Spur-of-the-Moment South Pacific Adventure: 1997In the wee hours of the morning of September 26, 1997 I got a phone call from my boss at work. The question was brief, the answer was simple. "Moe, do you want to go to New Zealand? You need to be to work in an hour." My job, as a Supply Technician, was to accompany the "kit" of spare parts for the C-5B aircraft. Should the C-5 require replacement parts at any time during the mission I would provide that support.
And so began my so-called South Pacific Adventure. I crawled out of bed, quickly showered and shaved, got dressed in uniform, grabbed my "bug-out" bag and my camera bag, and headed out the door.
At work and now more awake, I only had to finalize my personal affairs to board the aircraft...the cargo loading had already occurred. With the draw-down of Travis AFB C-141 fleet earlier in the 90s, Travis AFB had relinquished the so-called "Operation Deep Freeze" Antarctic resupply missions. These missions were critical to providing much-needed heavy-lift aerial support to scientists on our southern-most continent.
The reason Travis AFB was involved in this particular mission was simple: a large helicopter (Bell 204-size) was being transported to Antarctica and the Lockheed C-5B Galaxy provided the necessary airlift capability. I imagine there was probably other cargo being transported as well and during the course of the journey I learned a crew of scientists would also travel to Antarctica for rotation with the current inhabitants.
As I compose this page in December 2017, I'm relying on memory more than anything to recall the nuances of the trip. The technical details concerning each flight are no problem - I've always kept reasonably good notes about my flights. As I am an avid aviation photographer, I took a lot of aircraft photos but not very many scenery photos.
What follows is a photo essay of my week-long journey.
Flight 1: Travis AFB, CA - Hickam AFB, HI26 September 1997
USAF C-5B 87-0034
Dep: Rwy 21R 08:34 Local
Arr: Rwy 08L 10:51 Local
Time Enroute: 05:08
Distance: 2435 miles
Remarks: 1st time to HawaiiI remember we were onboard the aircraft for at least a couple of hours prior to our early-morning departure. In my experience, travelling onboard a military transport is usually an exercise in "hurry up and wait". I'm not sure how many "Space-Available" passengers were onboard, but in my case I was on the manifest as a military member on duty so my seat was guaranteed. The rear portion of C-5 upper deck is fairly roomy and in most cases, contains 73 passenger seats. These seats are all located in a cabin behind the massive wing, above the main cargo compartment. The cabin is accessed via a modest internal ladder from the lower main cargo deck. Alternately, a very high mobile staircase can reach the external doorway from the ground. I've embarked/disembarked via both methods. In either case, if the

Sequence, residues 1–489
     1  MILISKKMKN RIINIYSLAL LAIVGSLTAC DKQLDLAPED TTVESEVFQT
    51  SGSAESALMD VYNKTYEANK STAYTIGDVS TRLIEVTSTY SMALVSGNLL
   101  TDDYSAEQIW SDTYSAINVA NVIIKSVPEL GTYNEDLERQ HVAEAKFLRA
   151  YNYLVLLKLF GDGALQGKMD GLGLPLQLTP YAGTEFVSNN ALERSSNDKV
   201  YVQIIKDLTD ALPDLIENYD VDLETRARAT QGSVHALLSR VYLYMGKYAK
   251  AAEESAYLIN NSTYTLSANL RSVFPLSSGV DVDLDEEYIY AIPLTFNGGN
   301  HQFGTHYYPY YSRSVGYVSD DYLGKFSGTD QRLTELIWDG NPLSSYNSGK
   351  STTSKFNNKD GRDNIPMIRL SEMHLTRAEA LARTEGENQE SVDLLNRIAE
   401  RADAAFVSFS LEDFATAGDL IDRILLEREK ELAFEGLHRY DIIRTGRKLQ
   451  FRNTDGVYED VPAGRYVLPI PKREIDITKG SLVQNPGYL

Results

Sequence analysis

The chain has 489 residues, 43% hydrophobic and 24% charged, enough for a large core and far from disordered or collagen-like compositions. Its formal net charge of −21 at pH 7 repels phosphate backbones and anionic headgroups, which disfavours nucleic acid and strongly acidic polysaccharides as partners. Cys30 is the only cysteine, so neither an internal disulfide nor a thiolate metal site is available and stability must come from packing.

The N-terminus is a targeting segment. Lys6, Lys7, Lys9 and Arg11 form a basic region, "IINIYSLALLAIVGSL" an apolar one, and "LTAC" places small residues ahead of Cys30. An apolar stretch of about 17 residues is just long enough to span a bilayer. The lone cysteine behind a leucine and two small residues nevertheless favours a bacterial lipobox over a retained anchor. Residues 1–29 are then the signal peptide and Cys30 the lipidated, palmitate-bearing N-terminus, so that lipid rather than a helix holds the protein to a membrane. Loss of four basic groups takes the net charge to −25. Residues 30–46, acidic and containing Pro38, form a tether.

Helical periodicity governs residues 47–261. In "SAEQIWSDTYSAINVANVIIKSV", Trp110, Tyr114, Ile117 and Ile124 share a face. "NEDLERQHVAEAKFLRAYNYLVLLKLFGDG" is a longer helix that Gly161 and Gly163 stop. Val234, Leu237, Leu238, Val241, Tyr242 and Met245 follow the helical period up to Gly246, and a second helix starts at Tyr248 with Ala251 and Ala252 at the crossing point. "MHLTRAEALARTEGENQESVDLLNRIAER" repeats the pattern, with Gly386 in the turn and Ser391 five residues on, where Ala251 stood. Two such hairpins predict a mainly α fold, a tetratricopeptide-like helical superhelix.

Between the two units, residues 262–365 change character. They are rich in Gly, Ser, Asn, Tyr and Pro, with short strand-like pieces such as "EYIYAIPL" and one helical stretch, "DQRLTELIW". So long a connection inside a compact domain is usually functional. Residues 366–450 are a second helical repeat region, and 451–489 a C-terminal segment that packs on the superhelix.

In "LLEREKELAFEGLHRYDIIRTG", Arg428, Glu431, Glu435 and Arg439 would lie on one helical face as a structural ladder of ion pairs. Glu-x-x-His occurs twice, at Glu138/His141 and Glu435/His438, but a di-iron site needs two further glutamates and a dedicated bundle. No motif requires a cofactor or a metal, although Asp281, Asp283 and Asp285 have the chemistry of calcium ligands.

aircraft is going to be "kneeled" it is usually before the passengers can depart and the wait can seem excessively long, especially after a long flight.
I recall there was a necessary repair before we could depart Travis...something to do with overseas navigation requirements between New Zealand and Antarctica. At this point I wasn't sure if I would be travelling to "the ice" or not... I was probably under the impression that I would be.
My notes show we departed Travis AFB at 0834hrs Local on runway 21R. Our C-5 was tail number 70034...a C-5 "B Model" allocated a serial number from Fiscal Year 1987 funds. It was constructed during the 2nd batch of C-5 production that produced 50 of the more advanced "B Model" C-5s. This was my 5th flight in a C-5B in the last 5 months. Since there are not many passenger windows in the upper deck with which to view the goings-on outside, I may have had to ask a crew member which runway we used.
I don't remember much about the flight to Hickam...maybe I was asleep most of the way. We touched down on runway 08L at Honolulu Int'l airport just shy of 1100am Local and taxied back to the ramp at Hickam AFB. We deplaned the C-5 and milled about the "AMC Terminal". I was able to see airliners taking off and landing in the distance but Hickam is quite removed from the civilian action so I couldn't get any photos.
For some reason we were required to claim our checked baggage. Mine never showed up. The only bag I had with me was my trusty camera bag, and all that had in it was camera gear and my travelling papers. Another curiosity I don't recall the specific reason for is the lateness of our departure to Pago Pago: 0355hrs the next morning. As such, I had some time to kill. At the time one of my Air Force buddies and his family was stationed at Hickam AFB. I managed to get in touch with Tobin and he came by the AMC terminal and picked me up. I got a tour of the base and was able to see some airliners courtesy of Tobin taking me around a couple of spots at the airport.
We ended up at Tobin's base quarters so I could meet his family and probably have some dinner. I remember this now but I was only reminded of it while researching negatives from the trip and I found the photo of them.
C-130s on the Hickam AFB ramp.
USAF / Hawaii ANG KC-135R 00329.
My estimation of our arrival at Hickam AFB.Flight 2: Hickam AFB, HI - Pago Pago, American Samoa27 September 1997
USAF C-5B 87-0034
Dep: Rwy 08R 03:55 Local
Arr: Rwy 05 08:42 Local
Time Enroute: 05:48
Distance: 2600 miles
Remarks: 1st time crossing the equatorThe 2nd leg of our trip was to Pago Pago, American Samoa. After departing Honolulu in the wee hours of darkness Saturday morning we made my first crossing of the equator some hours into the flight. I cant remember if the crew announced this fact...probably not. We landed at Pago Pago for a scheduled refueling stop, and we were on the ground for about 2 1/2 hours. As you can imagine, Pago Pago is a tropical island and the scenery is right off the set of "Gilligan's Island".
During the course of our stay, I was able to photograph three deHavilland Canada DHC-6 Twin Otters: two of Samoa Air and a single unit from Polynesian Airlines.
Unloading passengers at Pago Pago.
Moe at Pago Pago.
Samoa Air Twin Otter N711AS.
Polynesian Twin Otter 5W-PAH.